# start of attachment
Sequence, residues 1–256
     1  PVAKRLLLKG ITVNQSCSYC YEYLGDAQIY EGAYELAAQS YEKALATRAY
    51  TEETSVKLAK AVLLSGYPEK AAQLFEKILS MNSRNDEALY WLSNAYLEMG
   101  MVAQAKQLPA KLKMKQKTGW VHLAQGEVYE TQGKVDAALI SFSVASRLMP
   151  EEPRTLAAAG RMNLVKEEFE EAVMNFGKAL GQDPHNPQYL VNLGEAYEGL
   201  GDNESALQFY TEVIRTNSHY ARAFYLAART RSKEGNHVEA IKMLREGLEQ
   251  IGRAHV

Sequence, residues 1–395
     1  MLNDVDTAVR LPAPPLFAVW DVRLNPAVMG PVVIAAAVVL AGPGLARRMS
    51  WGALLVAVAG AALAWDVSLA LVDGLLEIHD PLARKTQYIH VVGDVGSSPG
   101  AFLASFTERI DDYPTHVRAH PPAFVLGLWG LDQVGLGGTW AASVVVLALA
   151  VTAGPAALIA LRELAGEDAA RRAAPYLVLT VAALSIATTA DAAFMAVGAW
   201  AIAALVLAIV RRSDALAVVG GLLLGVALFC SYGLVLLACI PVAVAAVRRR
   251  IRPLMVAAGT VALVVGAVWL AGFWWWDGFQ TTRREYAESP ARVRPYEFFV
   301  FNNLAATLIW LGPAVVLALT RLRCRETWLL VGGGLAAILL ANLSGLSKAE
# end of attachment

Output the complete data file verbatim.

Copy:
Sequence, residues 1–256
     1  PVAKRLLLKG ITVNQSCSYC YEYLGDAQIY EGAYELAAQS YEKALATRAY
    51  TEETSVKLAK AVLLSGYPEK AAQLFEKILS MNSRNDEALY WLSNAYLEMG
   101  MVAQAKQLPA KLKMKQKTGW VHLAQGEVYE TQGKVDAALI SFSVASRLMP
   151  EEPRTLAAAG RMNLVKEEFE EAVMNFGKAL GQDPHNPQYL VNLGEAYEGL
   201  GDNESALQFY TEVIRTNSHY ARAFYLAART RSKEGNHVEA IKMLREGLEQ
   251  IGRAHV

Sequence, residues 1–395
     1  MLNDVDTAVR LPAPPLFAVW DVRLNPAVMG PVVIAAAVVL AGPGLARRMS
    51  WGALLVAVAG AALAWDVSLA LVDGLLEIHD PLARKTQYIH VVGDVGSSPG
   101  AFLASFTERI DDYPTHVRAH PPAFVLGLWG LDQVGLGGTW AASVVVLALA
   151  VTAGPAALIA LRELAGEDAA RRAAPYLVLT VAALSIATTA DAAFMAVGAW
   201  AIAALVLAIV RRSDALAVVG GLLLGVALFC SYGLVLLACI PVAVAAVRRR
   251  IRPLMVAAGT VALVVGAVWL AGFWWWDGFQ TTRREYAESP ARVRPYEFFV
   301  FNNLAATLIW LGPAVVLALT RLRCRETWLL VGGGLAAILL ANLSGLSKAE